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Change and Leaving

My 2016 began with fireworks at the base of Edinburgh Castle. It was exciting—Edinburgh hosts one of the world’s most exclusive New Year’s celebrations, and I was in VIP—but circumstantial: Had the organizers of Hogmanay not paid me to come to Scotland, I’d have been in my Texas bed by 10 p.m.

And it was predictive: 2016 was a year I came to define by others’ milestones more than my own.

A vigil to a long-dead Cantopop star I passed on a stroll through Hong Kong in April inspired me more than my own 31st birthday had in February.

The UK voted to leave the EU during my doomed June trip to Malaysia, but although I had no horse in that particular race, I gave it equal weight in the post-mortem I wrote rushing back to the partner who’d manipulated me into flying across the world twice in less than 48 hours.

The bookends of my trip through the Balkans in late summer—My best friend’s birthday and a prolonged, sexless sex-date with a wheelchair-bound man named Nikola—were more central to it than anything that occurred between them.

I’d woken up hopeful of November 8, excited that my own country would vote to “Remain” as one of the planet’s sole bastions of sanity, but spent most of that evening begging American Airlines to let me fly to Nepal five days ahead of schedule, convinced only the cold, clean air of the Himalayas could wash away my fear and shame.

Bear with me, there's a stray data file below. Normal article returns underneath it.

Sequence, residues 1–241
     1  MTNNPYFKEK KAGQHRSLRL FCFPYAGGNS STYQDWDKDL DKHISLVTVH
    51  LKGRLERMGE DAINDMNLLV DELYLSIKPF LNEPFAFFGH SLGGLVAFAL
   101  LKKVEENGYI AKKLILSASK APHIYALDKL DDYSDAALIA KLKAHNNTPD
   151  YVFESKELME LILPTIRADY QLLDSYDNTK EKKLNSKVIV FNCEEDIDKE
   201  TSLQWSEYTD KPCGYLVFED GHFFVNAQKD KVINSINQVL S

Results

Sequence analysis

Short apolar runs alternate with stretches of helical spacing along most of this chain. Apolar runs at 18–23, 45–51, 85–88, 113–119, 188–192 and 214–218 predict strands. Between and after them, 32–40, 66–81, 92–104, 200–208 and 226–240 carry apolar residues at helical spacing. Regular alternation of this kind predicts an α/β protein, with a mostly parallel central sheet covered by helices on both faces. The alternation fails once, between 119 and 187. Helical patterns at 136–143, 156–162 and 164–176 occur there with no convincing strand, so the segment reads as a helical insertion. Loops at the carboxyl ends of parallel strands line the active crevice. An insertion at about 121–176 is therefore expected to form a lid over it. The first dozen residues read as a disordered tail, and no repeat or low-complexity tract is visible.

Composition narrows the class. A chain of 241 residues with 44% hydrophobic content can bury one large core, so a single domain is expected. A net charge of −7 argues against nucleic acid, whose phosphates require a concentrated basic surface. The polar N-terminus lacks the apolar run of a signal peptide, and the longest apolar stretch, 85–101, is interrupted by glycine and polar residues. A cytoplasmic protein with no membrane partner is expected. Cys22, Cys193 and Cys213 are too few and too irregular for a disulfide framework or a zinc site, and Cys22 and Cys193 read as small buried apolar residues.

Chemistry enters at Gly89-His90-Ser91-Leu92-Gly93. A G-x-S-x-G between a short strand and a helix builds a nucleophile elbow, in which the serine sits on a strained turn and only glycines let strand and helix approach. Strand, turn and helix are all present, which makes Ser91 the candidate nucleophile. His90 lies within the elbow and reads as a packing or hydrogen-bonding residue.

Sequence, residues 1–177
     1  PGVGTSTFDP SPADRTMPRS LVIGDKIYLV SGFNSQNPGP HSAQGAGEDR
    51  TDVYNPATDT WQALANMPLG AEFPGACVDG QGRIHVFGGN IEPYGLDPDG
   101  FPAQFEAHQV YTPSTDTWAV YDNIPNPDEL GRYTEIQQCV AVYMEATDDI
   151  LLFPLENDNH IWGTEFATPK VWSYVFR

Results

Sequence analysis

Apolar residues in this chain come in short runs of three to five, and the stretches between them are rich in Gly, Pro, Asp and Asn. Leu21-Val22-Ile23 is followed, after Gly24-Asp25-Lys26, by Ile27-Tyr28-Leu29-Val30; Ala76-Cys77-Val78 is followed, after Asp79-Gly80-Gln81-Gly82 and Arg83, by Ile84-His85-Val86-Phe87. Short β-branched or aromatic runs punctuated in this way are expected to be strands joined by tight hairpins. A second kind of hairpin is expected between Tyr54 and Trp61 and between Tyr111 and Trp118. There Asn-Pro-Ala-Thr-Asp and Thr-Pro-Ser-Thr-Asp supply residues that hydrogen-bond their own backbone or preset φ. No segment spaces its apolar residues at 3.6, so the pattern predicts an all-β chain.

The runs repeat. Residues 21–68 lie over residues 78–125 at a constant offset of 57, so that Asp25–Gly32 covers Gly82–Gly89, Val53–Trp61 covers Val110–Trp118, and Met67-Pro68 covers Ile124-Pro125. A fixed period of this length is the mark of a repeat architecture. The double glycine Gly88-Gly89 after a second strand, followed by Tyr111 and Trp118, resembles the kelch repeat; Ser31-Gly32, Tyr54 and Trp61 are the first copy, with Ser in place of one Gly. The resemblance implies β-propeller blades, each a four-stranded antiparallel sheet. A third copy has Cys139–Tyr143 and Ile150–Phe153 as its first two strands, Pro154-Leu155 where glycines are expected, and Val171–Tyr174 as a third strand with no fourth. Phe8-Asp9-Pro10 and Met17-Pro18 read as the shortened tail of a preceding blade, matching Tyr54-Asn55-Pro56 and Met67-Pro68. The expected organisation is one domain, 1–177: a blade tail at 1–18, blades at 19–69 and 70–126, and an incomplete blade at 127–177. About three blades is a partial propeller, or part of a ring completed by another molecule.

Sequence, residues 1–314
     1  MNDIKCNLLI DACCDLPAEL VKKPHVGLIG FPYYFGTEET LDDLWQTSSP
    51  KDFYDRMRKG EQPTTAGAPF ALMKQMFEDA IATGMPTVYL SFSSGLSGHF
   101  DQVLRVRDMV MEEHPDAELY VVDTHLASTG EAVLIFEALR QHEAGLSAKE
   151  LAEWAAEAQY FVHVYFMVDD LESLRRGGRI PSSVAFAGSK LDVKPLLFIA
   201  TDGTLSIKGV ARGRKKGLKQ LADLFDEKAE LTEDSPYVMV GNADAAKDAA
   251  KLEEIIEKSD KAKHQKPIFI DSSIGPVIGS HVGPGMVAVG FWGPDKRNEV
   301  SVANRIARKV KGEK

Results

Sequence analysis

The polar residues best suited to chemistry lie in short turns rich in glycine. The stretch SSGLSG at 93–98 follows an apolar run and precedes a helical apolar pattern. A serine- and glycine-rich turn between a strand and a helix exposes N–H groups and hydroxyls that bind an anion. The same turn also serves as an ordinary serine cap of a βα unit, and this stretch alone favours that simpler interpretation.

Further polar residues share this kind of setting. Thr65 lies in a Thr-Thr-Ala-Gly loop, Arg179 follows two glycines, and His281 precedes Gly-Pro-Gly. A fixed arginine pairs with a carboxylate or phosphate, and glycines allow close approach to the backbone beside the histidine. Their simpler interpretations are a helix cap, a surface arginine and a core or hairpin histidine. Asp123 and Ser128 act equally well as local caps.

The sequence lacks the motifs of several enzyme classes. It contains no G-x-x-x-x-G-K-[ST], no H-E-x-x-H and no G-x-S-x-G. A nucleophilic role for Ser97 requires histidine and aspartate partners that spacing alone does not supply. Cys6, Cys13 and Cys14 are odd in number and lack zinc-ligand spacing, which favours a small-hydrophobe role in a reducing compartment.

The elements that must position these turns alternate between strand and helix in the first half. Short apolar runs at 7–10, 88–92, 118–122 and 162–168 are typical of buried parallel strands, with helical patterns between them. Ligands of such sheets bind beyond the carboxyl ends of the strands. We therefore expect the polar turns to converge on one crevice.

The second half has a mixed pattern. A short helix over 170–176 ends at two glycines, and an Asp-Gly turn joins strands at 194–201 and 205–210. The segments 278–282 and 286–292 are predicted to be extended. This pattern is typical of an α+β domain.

For most of the world (or, at least, most of social media) 2016 was the worst year ever™. It was as anthropomorphized by hipster bros mourning David Bowie as the Universe is by white girls pretending they’re not just confused Christians.

The events that transpired between January 1 and today were a result neither of happenstance nor the consequence of ~7 billion choices being made, but an intentional destruction of a generation’s dreams and hope for the future. Brexit and Trump and Pokémon Go and Aleppo weren’t mere tragedies; they were evidence that 2016 itself was the Devil incarnate, inspiration for a stash of memes so dank even Bernie Sanders couldn’t stand its smell.

But for me, 2016 was just another year: Roaming a calamitous globe and managing to stay mostly above the fray. (Appropriately, it was this year that I came to viscerally understand the concept of privilege, and how much of it I have.)

As 2017 looms, I’m under no illusion that it will somehow atone for the sins of 2016—or that it needs to. For me and for humanity as a whole, good and bad things will continue to happen in roughly equal measure and if we’re lucky, the arrow of time will slope ever so slightly upward. Change will be the only constant.

Change, and leaving.


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